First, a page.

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Classical Schools of Management - CliffsNotes

One of the first schools of management thought, the classical management theory , developed during the Industrial Revolution when new problems related to the ...

Advantages and Benefits of the Classical Management Theory ...

Classical management theory was introduced in the late 19th century. It became widespread in the first half of the 20th century, as organizations tried to address ...

Classical Management Theory (1900-1930): Definition - Principles ...

Jul 17, 2012 ... It was the rise of the Industrial Revolution and factories were becoming more common. Inside these factories, managers were constantly look ...

Classical Management Theory - Classical Theory of Management

The classical management theory is a school of management thought in which theorists delved into how to find the best possible way for workers to perform their  ...

chapter 02: classical management theories

Review Chapter One; Theoretical Relevancy; Minimizing Misunderstandings; Classical Theories of Organizations. Taylor's Theory of Scientific Management ...

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Classical approach of Management - SlideShare

Aug 24, 2011 ... A simple presentation about the classical approach of Management. ... GENERAL ADMINSTRATIVE MANAGEMENT THEORY HENRI FAYOL ...

Classical Management Theory - College Essay - Kholoud

There are three well-established theories of classical management: Taylor's Theory of Scientific Management, Fayol's Administrative Theory, Weber's Theory of ...

Administrative Management: Fayol's Principles - Classical Perspective

Fayol was a classical management theorist, widely regarded as the father of modern operational management theory. His ideas are a fundamental part of ...

Classical Management Theory - YouTube

Dec 31, 2013 ... Visit http://www.education-portal.com for thousands more videos like this one. You'll get full access to our interactive quizzes and transcripts ...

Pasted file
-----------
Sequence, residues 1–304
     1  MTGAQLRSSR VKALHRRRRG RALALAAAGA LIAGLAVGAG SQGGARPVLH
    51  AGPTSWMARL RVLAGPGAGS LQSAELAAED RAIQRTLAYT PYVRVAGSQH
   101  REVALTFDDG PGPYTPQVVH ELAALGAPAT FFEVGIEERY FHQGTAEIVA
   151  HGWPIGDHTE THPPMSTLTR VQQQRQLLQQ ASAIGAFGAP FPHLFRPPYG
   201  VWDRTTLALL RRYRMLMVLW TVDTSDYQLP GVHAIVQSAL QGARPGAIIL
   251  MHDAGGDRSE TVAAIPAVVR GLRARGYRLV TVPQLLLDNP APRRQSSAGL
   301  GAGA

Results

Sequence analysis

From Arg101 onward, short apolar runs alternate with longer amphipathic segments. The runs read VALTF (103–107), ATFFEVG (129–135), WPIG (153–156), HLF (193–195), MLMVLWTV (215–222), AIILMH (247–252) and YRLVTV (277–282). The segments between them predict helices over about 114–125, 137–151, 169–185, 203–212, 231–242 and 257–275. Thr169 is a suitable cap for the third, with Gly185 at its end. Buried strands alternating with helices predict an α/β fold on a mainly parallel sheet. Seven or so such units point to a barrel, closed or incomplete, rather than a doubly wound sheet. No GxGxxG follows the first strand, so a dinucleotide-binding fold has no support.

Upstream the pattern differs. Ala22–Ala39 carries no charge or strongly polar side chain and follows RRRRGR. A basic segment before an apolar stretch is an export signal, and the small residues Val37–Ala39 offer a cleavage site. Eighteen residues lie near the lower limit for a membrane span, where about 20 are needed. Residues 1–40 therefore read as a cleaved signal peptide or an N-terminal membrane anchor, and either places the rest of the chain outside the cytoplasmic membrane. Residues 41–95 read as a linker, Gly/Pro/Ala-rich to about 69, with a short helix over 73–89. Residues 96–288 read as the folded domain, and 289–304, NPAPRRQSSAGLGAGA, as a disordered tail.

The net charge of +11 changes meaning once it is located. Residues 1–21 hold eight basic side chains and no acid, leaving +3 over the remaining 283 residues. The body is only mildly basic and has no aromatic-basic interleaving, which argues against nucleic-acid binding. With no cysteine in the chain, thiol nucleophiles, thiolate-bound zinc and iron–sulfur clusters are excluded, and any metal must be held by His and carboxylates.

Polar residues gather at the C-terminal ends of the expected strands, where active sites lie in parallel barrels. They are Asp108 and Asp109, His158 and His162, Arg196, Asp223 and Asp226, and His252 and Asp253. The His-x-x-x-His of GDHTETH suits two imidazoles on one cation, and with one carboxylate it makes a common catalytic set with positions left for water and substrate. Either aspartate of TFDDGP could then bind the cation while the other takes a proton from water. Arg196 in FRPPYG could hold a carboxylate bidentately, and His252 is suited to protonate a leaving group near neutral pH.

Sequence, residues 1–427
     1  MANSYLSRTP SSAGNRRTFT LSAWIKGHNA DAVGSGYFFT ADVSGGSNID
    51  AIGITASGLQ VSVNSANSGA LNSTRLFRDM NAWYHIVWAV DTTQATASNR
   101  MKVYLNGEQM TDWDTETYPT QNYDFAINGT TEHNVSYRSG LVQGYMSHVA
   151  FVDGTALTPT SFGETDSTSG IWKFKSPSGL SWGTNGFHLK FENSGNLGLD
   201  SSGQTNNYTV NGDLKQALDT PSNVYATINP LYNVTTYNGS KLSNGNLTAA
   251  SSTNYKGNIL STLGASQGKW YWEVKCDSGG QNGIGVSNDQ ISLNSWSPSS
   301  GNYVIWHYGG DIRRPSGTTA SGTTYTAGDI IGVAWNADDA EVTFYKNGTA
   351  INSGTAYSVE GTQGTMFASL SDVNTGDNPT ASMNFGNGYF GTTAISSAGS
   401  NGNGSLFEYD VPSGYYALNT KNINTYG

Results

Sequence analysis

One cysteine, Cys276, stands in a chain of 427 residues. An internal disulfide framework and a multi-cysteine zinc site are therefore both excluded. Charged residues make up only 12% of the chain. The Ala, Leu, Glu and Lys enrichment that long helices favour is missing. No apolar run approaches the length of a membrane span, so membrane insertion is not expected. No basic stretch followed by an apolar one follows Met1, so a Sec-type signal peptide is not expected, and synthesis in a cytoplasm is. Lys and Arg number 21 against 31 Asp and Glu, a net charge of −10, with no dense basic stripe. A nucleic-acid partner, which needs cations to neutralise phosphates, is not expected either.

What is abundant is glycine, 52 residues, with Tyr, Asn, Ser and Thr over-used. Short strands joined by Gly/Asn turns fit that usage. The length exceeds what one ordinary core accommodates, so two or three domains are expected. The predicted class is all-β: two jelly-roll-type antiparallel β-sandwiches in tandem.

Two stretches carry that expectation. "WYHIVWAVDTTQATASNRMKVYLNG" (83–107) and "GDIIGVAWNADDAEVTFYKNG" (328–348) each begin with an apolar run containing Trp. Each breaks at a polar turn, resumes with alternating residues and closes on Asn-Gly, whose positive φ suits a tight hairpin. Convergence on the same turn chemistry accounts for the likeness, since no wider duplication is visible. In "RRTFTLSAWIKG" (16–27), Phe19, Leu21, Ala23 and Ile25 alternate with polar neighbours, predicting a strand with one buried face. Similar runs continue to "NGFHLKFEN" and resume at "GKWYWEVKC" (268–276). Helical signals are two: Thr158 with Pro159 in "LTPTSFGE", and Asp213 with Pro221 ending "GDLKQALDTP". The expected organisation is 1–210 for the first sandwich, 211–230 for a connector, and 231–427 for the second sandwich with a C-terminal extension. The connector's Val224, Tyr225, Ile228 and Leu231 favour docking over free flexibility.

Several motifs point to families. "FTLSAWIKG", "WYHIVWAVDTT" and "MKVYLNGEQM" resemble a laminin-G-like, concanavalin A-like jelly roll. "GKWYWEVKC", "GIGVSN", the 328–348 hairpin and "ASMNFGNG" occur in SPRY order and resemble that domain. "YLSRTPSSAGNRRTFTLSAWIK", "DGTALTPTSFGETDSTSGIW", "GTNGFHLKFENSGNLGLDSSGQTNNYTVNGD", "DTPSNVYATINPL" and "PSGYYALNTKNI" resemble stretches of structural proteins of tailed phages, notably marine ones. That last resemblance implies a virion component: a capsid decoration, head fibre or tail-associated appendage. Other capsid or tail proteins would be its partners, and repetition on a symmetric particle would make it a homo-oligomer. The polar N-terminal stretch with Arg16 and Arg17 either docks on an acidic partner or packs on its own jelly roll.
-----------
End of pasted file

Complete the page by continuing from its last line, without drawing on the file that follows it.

Classical School of Management - Management Theories

The classical school of thought generally concerns ways to manage work and organizations more efficiently. Frederick Taylor, Henry Fayol and Max Weber.

Review of Classical Management Theories - International Journal of ...

Jan 1, 2012 ... Three well known Classical Management Theories (Scientific,. Administrative and Bureaucratic) were reviewed in this article. Knowledge of ...

towards the relevance of classical management theories ... - Asbbs.org

the relevance of classical management theories in the understanding of organizational behavior and, b) if these theories still contribute in the development of ...

A Guide to Classical Management Theory


The classical management theory is a school of management thought in which theorists delved into how to find the best possible way for workers to perform their tasks. The classical management theory is divided into two branches, the classical scientific and the classical administrative. The classical scientific branch comes from the scientific mindset of attempting to increase productivity. During the height of the classical scientific theory, theorists would use almost mechanical methods towards labor and organization to achieve goals of productivity and efficiency. Some of the basic techniques of the classical scientific theory include creating standardized methods for a task and dividing work between employees equally.